Two Bellerive-based seagulls consider their options. Bellerive, August, 2010.
Do seagulls compose poetry in their heads when they consider the waves crashing in before them? Do they pen paeans to the lyrical beauty of the ocean? Might they ponder purple prose perorating parsimonious points?
Have a poem:
The New Poetry Handbook, by Mark Strand
1 If a man understands a poem,
he shall have troubles.
2 If a man lives with a poem,
he shall die lonely.
3 If a man lives with two poems,
he shall be unfaithful to one.
4 If a man conceives of a poem,
he shall have one less child.
5 If a man conceives of two poems,
he shall have two children less.
6 If a man wears a crown on his head as he writes,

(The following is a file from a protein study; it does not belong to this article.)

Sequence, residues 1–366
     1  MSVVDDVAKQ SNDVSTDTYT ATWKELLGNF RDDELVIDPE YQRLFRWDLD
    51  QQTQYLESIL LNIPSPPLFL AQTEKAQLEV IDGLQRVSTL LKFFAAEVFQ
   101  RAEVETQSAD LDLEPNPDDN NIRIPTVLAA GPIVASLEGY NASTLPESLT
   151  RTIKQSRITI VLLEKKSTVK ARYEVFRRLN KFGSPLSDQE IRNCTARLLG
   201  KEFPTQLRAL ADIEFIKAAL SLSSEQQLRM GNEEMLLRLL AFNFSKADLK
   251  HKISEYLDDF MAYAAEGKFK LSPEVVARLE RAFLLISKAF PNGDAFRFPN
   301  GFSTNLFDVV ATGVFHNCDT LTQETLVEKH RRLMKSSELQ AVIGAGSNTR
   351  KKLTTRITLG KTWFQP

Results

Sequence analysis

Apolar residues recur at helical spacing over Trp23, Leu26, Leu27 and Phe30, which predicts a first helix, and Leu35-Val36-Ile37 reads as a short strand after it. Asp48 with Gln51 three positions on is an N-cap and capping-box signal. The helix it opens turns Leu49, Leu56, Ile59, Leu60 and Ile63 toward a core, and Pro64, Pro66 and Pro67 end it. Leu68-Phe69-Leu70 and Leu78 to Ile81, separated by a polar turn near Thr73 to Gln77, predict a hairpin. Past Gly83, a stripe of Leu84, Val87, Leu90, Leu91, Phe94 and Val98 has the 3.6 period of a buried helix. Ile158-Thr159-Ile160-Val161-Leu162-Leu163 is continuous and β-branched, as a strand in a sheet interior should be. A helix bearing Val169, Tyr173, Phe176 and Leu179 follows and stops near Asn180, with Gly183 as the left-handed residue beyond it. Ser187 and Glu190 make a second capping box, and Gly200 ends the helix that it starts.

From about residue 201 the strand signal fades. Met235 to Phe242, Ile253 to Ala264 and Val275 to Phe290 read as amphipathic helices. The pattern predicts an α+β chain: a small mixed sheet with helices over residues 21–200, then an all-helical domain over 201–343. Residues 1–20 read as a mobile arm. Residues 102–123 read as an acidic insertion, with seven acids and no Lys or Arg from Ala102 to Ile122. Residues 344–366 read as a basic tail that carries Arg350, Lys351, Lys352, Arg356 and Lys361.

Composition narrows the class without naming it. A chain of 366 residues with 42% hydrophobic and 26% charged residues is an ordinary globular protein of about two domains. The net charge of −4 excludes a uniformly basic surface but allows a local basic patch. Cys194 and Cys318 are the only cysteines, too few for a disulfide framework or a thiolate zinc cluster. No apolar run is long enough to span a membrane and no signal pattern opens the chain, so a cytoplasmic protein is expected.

he shall be found out.
7 If a man wears no crown on his head as he writes,
he shall deceive no one but himself.
8 If a man gets angry at a poem,
he shall be scorned by men.
9 If a man continues to be angry at a poem,
he shall be scorned by women.
10 If a man publicly denounces poetry,
his shoes will fill with urine.
11 If a man gives up poetry for power,
he shall have lots of power.
12 If a man brags about his poems,
he shall be loved by fools.
13 If a man brags about his poems and loves fools,
he shall write no more.
14 If a man craves attention because of his poems,
he shall be like a jackass in moonlight.
15 If a man writes a poem and praises the poem of a fellow,
he shall have a beautiful mistress.
16 If a man writes a poem and praises the poem of a fellow overly,
he shall drive his mistress away.
17 If a man claims the poem of another,
his heart shall double in size.
18 If a man lets his poems go naked,
he shall fear death.
19 If a man fears death,
he shall be saved by his poems.
20 If a man does not fear death,
he may or may not be saved by his poems.
21 If a man finishes a poem,
he shall bathe in the blank wake of his passion
and be kissed by white paper.